Tuesday, 16 September 2014

National Aquathlon Championships and Buttermere Triathlon

Guest report time! Read on below for Chris Wright's report on his race against Rob at the fiendishly difficult Buttermere triathlon, and Matthew Fearn's report from the National Aquathlon Championships held by NiceTri events last weekend :)

Buttermere Triathlon:

"The forecast was for a glorious day and a challenging course – The Buttermere Triathlon was going to be great.


A 1500 swim in an estimated 14 degree water temp (a blatant lie) went without issue. Rob shot off as usual (how does he do that). I exit about a minute later and onto the stoniest transition run I've ever encountered, so much so I walked until I reached the grass.  Rob shouts see you on the first hill as he exits T1 whilst I'm still getting out of my wetsuit.

The bike route is a challenging one, within a few minutes of being on the bike your making your way up Honister pass.  It's a long climb with a nasty 25% kick right the end.  I catch Rob about half way, dry heave a greeting and keep going.  A few well-wishers ensure you don't get off and push at the summit but you're rewarded with a fantastic descent.  The course then takes you over Catbells heading towards Whinlatter.  The roads are your usual Lakeland roads (in urgent need of maintenance) and on one particularly bumpy section I wasn't surprised to see the odd unopened gel and water bottle.  The 2 mile climb up to Whinlatter is another tough one but nothing like Honister. Then it's a fast descent into high Lorton where I get promptly stopped by a batch of cars trying to pass each other.  All of the people I've picked off on the descent catch me up (Insert swear word here, pray for the drivers to suffer a slow and painful death etc).  It's 30s or so before I can navigate my way through the cars.  It's then an undulating ride back to T2.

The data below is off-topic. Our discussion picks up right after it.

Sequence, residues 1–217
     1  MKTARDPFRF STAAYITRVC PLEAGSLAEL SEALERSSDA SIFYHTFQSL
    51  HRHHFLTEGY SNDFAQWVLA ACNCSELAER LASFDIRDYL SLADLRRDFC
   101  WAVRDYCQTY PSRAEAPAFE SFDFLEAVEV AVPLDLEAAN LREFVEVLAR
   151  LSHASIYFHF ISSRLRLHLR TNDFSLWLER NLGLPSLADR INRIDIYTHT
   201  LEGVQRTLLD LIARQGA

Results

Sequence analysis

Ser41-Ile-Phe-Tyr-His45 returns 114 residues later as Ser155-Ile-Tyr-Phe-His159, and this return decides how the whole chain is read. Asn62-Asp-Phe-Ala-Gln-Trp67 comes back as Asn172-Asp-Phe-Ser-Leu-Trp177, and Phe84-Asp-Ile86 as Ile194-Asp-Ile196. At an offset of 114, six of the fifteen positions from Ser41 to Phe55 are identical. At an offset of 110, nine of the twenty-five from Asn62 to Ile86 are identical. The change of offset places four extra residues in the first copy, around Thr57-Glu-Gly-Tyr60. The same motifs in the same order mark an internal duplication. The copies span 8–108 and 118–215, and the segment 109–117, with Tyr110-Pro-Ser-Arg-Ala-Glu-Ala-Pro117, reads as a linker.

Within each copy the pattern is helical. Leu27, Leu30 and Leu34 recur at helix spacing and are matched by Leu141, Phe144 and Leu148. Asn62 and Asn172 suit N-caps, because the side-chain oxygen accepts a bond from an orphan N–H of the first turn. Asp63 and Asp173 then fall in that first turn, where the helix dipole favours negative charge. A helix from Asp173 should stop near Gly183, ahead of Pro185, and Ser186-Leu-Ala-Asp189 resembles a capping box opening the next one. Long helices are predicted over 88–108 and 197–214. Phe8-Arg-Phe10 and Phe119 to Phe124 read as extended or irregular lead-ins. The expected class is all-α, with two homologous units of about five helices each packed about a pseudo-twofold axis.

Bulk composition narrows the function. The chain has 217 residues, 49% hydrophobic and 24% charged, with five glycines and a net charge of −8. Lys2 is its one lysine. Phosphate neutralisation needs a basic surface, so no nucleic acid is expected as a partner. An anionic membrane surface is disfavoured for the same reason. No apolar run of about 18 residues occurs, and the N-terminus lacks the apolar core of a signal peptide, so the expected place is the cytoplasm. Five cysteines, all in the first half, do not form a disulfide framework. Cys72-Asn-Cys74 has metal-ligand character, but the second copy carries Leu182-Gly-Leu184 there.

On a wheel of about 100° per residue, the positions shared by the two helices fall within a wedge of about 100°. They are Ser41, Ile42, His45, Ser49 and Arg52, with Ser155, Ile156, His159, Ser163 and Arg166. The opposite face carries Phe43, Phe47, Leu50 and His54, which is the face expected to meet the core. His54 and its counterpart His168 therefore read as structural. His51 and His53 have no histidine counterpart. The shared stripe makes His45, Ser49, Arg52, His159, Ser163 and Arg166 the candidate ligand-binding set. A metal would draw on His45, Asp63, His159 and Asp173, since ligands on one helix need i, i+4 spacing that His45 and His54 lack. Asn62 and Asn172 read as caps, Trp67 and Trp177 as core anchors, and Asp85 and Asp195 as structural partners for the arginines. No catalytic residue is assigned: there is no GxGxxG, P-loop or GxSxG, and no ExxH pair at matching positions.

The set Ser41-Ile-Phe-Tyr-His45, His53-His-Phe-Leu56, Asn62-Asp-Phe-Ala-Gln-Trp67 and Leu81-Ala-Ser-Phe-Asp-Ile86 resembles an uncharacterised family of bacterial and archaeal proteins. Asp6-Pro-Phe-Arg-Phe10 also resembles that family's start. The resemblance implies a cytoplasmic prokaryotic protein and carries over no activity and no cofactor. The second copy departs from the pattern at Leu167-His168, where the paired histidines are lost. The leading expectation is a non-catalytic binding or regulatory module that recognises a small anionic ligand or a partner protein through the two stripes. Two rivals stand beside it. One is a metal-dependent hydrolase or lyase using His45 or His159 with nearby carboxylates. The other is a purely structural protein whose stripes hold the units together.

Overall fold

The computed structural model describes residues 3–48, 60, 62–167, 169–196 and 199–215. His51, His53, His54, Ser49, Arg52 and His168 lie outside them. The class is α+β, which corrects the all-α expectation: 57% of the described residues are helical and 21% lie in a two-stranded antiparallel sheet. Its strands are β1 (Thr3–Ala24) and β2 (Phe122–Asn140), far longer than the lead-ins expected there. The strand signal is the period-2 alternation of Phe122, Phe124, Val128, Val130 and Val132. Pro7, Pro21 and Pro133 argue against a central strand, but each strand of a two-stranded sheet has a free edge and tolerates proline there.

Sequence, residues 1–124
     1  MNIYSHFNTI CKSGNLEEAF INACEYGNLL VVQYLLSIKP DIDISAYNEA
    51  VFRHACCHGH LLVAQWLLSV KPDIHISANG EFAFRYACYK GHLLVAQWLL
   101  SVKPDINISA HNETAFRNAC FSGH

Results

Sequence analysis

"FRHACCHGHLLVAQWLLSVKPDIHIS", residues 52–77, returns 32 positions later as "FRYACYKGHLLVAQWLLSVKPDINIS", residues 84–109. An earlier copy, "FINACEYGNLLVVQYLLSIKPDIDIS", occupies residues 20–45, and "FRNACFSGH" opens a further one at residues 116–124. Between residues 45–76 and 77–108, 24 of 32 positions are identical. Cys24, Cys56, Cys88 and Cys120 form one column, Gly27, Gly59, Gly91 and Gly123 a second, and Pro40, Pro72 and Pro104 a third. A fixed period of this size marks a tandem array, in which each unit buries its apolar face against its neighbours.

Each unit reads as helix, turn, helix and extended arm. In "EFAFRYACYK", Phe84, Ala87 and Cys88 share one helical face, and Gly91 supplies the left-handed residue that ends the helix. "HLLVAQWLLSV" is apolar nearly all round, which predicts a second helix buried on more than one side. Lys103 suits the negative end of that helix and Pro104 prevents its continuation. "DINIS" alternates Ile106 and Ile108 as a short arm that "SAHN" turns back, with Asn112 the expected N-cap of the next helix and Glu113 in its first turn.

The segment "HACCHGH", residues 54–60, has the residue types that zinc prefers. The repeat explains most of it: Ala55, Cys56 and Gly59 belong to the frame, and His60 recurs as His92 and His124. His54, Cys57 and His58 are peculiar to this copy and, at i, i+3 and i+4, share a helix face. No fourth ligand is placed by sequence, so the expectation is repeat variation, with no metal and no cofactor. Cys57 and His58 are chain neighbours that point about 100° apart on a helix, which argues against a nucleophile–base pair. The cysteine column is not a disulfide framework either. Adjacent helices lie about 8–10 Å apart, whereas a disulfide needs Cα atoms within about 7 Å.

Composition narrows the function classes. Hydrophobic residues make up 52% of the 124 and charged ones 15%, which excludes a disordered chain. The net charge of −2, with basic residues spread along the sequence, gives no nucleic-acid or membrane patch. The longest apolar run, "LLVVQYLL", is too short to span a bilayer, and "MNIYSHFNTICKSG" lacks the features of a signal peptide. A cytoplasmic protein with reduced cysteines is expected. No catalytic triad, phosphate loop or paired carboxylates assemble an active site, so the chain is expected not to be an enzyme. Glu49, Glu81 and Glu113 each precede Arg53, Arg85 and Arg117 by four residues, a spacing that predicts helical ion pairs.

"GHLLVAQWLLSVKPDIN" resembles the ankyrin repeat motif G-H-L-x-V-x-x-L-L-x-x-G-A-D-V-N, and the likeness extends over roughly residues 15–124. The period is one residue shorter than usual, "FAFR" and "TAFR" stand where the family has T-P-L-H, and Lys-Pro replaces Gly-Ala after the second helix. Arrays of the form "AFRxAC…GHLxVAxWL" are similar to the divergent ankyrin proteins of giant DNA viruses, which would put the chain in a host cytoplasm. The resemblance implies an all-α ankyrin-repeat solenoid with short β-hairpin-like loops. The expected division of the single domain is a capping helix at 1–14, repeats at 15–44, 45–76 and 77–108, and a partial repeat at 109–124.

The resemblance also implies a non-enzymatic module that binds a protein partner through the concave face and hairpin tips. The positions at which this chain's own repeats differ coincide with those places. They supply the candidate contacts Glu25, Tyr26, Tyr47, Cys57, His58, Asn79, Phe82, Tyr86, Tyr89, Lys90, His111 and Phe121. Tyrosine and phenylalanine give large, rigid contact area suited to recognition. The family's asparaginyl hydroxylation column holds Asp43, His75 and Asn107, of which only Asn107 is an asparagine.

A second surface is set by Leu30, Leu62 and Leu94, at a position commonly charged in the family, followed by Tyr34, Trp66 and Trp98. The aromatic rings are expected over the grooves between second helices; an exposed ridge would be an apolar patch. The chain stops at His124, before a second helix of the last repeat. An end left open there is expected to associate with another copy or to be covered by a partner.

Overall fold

The run is around Crummock water – the first 2 miles, whilst flat, have paths littered with enough large rocks to ensure only the fell runners make decent progress. I however, am not one of those and curse as people hop past me.  Numerous peat bogs also slow progress, some poor bloke face planted in one after going knee deep in mud  – he recovered far too quickly for my liking and shot off like it was something that happened to him on a daily basis.  As we round the lake I get a shock.  I was officially indoctrinated into the Coalfields bum slap brigade as Rob passes me!!! Oh the horror!!! He then had the cheek to promptly put a 12s distance between us.  I close the gap to 6s on a downhill section aided by a slight navigation error from Rob.  Then the route sprung a climb on us, half way up Robs left leg turns rigid, he turns and with a look of agony say's … CRAMP!!!  Now being a twin and the caring sort, I opted for the "Top Gear" rule …. I left him, crested the hill and gave everything I had on the descent, to put as much distance as possible between us.  The final mile is across flat fields and I was running on empty and glancing backwards way too many times expecting to see a familiar Orange and Blue trisuit zooming towards me.  Finally I was dodging past the day trippers and crossing the line totally goosed. Under 2 mins later an annoyed Rob crosses the line – I can honestly say this is the first time he's genuinely raced me in ages, he should have won as well, but he didn't – ha ha ha ha.


Great Race and my unbeaten run of wins this year continues Chris 3 – Rob 0

Chris Wright 3:31:39 (51st) Rob Wright 3:33:36 (56th)"

National Aquathlon Champs:

"The race was held at Regatta Meadow in St Neots, Cambridgeshire, one of the most scenic races I've ever done. What I thought were good racing conditions were very misleading! The 750m swim went well (except from the temperature) and I found myself leading the second group of athletes, leaving the water at 10:13 minutes in 13th position. After a reaaaaaaally slow transition where I couldn't feel my hands and my wetsuit legs decided to shrink what felt about 3 sizes I finally was onto the run. The first of the two 2.5k laps was shaky but I felt in a rhythm towards the end and crossed the line in 29:40. The run time could have been quicker but I was pleased at what I thought was my finishing position. After waiting around for the presentation just so we didn't rush home and to waste time, I was VERY surprised to hear I'd got the bronze medal which is why I have a confused look on my face during every single one of the podium photos ha.

It's always best to leave a race with something to show and a national medal will certainly do exactly that."

Just leaves me to say well done all, and in particular MASSIVE congratulations to Matthew - what a way to end the season!!!